A non skid surface is on the bottom 18 in all four corners. These can preferably be resilient adhesive pads squares will also be replaceable items. Three resilient feet or pegs can be affixed to end of the box seat to help with resting and standing the box seat when transporting.
A head rest 70 provides support for the head of the patient seated in the box seat apparatus 10. The head rest is made of a flat, rectangular pad constructed of a wood base with one inch (1") of foam glued to the surface and covered in a vinyl material. The pad measures eight inches (8") by five inches (5"). Mounted on the back wood side is a oblong, flat metal piece eight inches (8") in length held on by two screws. This flat metal or similar durable, light weight material can then be placed in the holding bracket located on the inside lid of the box seat. The holding bracket measures four inches (4") in width and three inches (3") in length, and is made of metal or other durable, light weight material, is flat or flush on both ends, and has a raised middle section of one-half inch (1/2). This raised middle section allows for the flat metal piece attached to the head rest to slide in. A knob, which is attached to the outside surface of the holding bracket, is then turned clockwise to tighten (counter clockwise to loosen) and holds the head rest in place. The length of the flat metal piece allows for the head rest to be lowered or raised. To apply the head rest, loosen the knob (counter clockwise) located on the inside of the lid. Then placing the metal ends of the head rest into the slot, tighten the knob (clockwise) until the head rest is tightly in place. This to head rest can be adjusted up and down only. A head cushion 72 preferably measures about nine inches (9") long by five and one-half inches (51/2") wide and consists of a one inch (1") thick polyfoam cushion 73 affixed to a backing piece 86, preferably a one-half inch (1/2) thick piece of plywood. The head cushion 72 is attached to a head rest bracket 74 which is preferably composed of steel measuring one-eighth inch (1/8) thick and two inches (2") wide by thirteen inches (13") long through attachment to backing piece 86 which provides structural support.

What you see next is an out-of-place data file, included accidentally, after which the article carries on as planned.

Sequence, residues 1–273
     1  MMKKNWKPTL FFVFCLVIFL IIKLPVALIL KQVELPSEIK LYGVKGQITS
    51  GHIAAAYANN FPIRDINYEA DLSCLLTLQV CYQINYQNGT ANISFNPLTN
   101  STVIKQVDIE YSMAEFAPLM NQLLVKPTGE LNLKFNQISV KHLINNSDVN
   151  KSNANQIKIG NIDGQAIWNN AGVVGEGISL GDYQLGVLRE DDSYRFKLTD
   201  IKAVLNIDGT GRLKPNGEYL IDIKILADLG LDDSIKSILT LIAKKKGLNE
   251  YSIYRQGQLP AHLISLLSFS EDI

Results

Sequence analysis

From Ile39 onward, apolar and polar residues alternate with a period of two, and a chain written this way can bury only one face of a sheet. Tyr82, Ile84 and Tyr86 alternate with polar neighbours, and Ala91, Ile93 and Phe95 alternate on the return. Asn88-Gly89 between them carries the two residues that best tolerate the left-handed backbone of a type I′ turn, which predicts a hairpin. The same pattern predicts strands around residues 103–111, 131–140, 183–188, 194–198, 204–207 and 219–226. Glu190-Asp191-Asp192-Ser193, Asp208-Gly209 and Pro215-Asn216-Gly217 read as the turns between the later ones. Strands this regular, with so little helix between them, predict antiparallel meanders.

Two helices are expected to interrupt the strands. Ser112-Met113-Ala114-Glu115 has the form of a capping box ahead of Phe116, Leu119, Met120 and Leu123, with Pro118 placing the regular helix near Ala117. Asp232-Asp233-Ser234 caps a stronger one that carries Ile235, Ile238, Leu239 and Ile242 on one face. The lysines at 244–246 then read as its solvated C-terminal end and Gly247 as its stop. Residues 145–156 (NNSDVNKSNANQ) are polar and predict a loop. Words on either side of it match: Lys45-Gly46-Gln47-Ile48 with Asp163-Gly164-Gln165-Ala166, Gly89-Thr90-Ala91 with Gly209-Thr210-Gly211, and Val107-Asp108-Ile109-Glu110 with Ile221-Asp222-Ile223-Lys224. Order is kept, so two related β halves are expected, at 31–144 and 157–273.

The head cushion 72 is attached to the top of the head rest bracket 74 by two screws 76, 78 running on a diagonal. The bottom of the head rest bracket 74 slides into a slot 82 on the inside of the lid/seat back unit 20. The position of the head rest bracket 74 relative to the lid/seat back unit 20 can be adjusted within the slot 82 to suit the patient's size and comfort. A knob 80 containing a clamp 84 is located on the inside of the lid/seat back unit 20 over the slot 82, which when rotated clockwise, tightens the grip of the clamp 84 on the head rest bracket 74, allowing the patient to rest his head on the cushion 72 without fear of the head rest bracket 74 sliding down. When the unit is not in operation, the knob 80 can be rotated counter-clockwise, releasing the grip of the clamp 84 on the head rest bracket 74, allowing the head rest detail 70 to be completely removed from the lid/seat back unit 20 and stored inside the box seat apparatus 10.
The foregoing elements provide the functions of having head supports adjustable for height, lateral supports adjustable for width, pelvic straps and hip guides also adjustable for width and lumbar support with adjustable heights.
All accessories are kept in the apparatus. These items include: a lateral support strapping system; a hip guide strapping system; a removable head rest; a lumbar roll; a demonstration video; a measuring tape; a packet of treatment documentation guidelines; and a piece of non-slip material to be used under the patient.
In operation the therapist or other user will place the box seat apparatus 10 on a flat surface such as a therapy mat, the floor, or a firm bed. The bottom of the box 18 seat is the wood side with 4 squares of non-slip surface placed at each corner.
The therapist will then adjust the sitting angle from closed, at about 15 degrees to an open position between about 30 to 90 degrees. This is done by lifting the lid/seat back unit and placing the wood legs 42, 44 in the selected support stops or teeth 58. The wooden bar 49 is attached to the lid/seat back unit 20 by a hinge 50 and the wood legs 42,44 are held in place with Velcro to prevent it from falling when opening the lid/seat back unit 20. Place the legs in the appropriate support stop 52.
Prior to placing the patient on the box seat apparatus 10, it is preferred to use a piece of nonslip material (included) under the patient to prevent the patient from slipping on the mat surface covering the foam pad 22 which is attached to the lid/seat back unit 20. When the patient is in a standard bed or on the floor surface this material may not be effective.
If the patient is already positioned against the box seat 20 and it is desired to change the sitting angle, the therapist may lift the edge of lid/seat back unit 20 in an upward direction and adjust the angle. It may help to use both hands to initially raise the lid/seat back unit 20 and while holding the lid/seat back unit 20 with one hand, use the other hand to adjust the wooden bar 49. The therapist may also place two hands on the wooden bar 49 and push in an upward direction to adjust the angle.